A Cultural Conquest at Coronado National Memorial
“For Wealth, For God, For Empire.” These were the driving motivators of a journey through the arid desert and rugged mountains of the Arizona landscape now designated as Coronado National Memorial. This exhilarating initial expedition left the Spanish with none of the gold they’d expected to find but resulted in some of the most important cultural collisions and collaborations of the 16th century in the Southwest.
Hundreds of miles north of Mexico City, an unknown land of bountiful wealth was filling the imaginations of explorers. After Cabeza de Vaca arrived in Mexico City in 1536 with a story of seven large cities filled with gold, the Viceroy of New Spain (Mexico) dispatched Francisco Vásquez de Coronado on an expedition of his own.
On Feb. 23, 1540, Coronado’s crew of Spanish soldiers and Mexican-Indian allies set out to unearth the cities for themselves. On July 7, they reached Háwikuh (south of present-day Gallup, New Mexico) only to find a rock-masonry pueblo indicating the area was already inhabited. After failed peace negotiations, the Spaniards attacked, then used the ravaged village as their headquarters, sending troops as far west as the Grand Canyon.
A Conquest Crushed
As they went east toward modern-day Sante Fe, they met “The Turk,” a Plains Indian who told rich tales of great wealth in a land called Quivira. While they waited to launch their next expedition in the spring, a hostile situation developed that forced the abandonment of even more pueblos. However, The Turk remained friendly with the Spaniards and eventually led them to Quivira in 1541.
It was here that the Spaniards’ belief in the seven cities of gold vanished. Although The Turk had indeed led them to Quivira, it was a village of primitive grass huts with no gold to be found. The Turk was eventually executed after admitting his deception, and Coronado’s expedition came to a devastating end as the explorers returned home in the spring of 1542, where they were met with public scorn. Little did they know, however, that their failure would set the stage for the great American West saga.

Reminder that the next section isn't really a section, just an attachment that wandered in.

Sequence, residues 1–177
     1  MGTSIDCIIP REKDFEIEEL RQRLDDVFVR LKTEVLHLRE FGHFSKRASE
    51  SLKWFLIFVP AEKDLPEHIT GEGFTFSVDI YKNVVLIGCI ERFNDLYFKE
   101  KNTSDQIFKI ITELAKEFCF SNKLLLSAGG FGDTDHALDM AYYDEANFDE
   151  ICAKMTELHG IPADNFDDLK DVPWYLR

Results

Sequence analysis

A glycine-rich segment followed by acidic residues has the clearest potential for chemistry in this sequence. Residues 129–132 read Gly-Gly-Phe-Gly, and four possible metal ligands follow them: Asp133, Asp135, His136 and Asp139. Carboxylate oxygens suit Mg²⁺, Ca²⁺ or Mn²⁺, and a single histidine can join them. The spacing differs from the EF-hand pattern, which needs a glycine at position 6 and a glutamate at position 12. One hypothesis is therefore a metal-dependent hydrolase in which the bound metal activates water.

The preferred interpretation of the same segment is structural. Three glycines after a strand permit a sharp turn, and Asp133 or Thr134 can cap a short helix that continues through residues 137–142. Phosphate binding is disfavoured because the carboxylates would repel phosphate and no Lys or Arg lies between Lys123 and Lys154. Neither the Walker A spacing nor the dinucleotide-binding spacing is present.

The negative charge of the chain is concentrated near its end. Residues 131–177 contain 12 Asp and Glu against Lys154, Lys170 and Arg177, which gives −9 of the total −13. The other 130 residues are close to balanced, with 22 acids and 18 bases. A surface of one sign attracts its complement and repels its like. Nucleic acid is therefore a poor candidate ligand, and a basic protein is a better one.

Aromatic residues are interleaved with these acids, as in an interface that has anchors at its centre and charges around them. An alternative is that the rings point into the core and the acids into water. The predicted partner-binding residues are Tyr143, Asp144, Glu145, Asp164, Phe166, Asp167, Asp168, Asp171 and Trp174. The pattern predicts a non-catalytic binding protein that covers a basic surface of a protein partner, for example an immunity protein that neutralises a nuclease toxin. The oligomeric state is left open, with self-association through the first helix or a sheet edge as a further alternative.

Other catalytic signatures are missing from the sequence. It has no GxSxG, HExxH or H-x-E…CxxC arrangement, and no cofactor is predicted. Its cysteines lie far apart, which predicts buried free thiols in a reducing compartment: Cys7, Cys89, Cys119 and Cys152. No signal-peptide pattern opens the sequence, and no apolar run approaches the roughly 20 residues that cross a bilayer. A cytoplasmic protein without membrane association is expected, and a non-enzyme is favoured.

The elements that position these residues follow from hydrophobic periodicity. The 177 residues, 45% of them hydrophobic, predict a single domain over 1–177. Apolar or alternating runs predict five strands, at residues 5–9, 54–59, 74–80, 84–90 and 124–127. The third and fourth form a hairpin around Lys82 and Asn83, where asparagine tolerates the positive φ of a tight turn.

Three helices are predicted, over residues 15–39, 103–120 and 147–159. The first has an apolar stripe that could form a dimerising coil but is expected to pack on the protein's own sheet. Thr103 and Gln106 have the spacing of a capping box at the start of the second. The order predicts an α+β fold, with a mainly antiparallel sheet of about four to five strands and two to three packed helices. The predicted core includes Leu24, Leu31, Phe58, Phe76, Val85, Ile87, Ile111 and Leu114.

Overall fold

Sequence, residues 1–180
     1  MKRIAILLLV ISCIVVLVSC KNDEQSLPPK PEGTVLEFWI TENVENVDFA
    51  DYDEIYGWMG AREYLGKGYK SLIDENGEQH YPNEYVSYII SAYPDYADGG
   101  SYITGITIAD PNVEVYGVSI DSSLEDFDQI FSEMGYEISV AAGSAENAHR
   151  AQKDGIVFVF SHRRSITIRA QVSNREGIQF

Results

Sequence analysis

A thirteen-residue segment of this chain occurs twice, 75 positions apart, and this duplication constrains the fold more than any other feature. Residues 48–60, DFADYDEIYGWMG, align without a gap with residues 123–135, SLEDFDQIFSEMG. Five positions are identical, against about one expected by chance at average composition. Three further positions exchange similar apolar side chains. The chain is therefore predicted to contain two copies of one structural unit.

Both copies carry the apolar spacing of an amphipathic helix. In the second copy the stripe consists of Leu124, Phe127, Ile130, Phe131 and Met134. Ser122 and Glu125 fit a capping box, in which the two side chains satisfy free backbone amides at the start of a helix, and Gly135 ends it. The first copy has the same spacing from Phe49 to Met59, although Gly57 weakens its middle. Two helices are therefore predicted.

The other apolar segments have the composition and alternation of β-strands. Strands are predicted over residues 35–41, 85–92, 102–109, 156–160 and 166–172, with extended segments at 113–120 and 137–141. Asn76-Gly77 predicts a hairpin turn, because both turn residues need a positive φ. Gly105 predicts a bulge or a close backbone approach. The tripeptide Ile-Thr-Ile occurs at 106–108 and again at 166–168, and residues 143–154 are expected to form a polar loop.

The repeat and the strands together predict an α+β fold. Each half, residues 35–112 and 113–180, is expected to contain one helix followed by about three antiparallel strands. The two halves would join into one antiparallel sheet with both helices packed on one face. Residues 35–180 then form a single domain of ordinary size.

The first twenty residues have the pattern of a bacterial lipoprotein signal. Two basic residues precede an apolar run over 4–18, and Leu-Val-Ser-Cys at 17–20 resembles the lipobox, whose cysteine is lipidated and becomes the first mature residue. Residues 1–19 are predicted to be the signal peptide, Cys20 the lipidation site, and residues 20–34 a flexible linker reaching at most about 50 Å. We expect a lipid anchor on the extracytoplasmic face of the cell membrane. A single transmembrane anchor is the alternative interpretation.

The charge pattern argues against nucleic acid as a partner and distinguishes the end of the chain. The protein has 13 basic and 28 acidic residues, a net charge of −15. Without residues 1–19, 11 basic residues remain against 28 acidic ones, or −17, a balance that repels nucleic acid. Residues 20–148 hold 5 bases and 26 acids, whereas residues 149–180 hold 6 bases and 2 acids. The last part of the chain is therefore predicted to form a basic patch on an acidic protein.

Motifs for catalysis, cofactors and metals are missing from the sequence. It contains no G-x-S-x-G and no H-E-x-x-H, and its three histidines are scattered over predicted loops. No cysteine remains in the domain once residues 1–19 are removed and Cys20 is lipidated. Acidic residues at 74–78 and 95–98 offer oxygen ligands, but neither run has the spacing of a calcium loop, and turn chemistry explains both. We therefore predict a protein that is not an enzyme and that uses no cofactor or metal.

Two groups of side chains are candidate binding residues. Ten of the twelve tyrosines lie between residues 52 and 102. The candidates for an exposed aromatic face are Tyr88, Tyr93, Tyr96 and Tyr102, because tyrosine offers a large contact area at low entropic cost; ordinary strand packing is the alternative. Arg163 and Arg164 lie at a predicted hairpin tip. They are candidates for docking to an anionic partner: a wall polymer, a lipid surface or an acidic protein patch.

Exploring the Park Today
The site of the Coronado National Monument features panoramic views of the United States-Mexico border and the San Pedro River Valley, which was the route believed to have been taken by Coronado’s expedition. Today, the park stands as a reminder of the geographical and cultural bonds between the two countries.
If you’re interested in life in this region before the Coronado Expedition, take a tour of the Coronado Cave, which may have housed inhabitants from 8,000 years ago. One of the few undeveloped caves in southern Arizona, it stands 600 feet long and up to 70 feet wide, making for a moderate hike followed by as much exploring as you wish.
For those looking to stay above ground, visiting Montezuma Pass will provide breathtaking views of the San Raphael Valley, the San Pedro Valley, and Mexico. The park also features over 8 miles of trails that run the gamut from an easy 1-mile hike down Coronado Peak Trail to a difficult 4 miles through Crest Trail toward the highest point in the range, Miller Peak.
Even though the Coronado Expedition was inspired by a grand myth, the discoveries it yielded (or lack thereof) impacted the entire region for years to come. Take a road trip to Arizona and witness the stunning, natural beauty and rich history of Coronado National Memorial for yourself.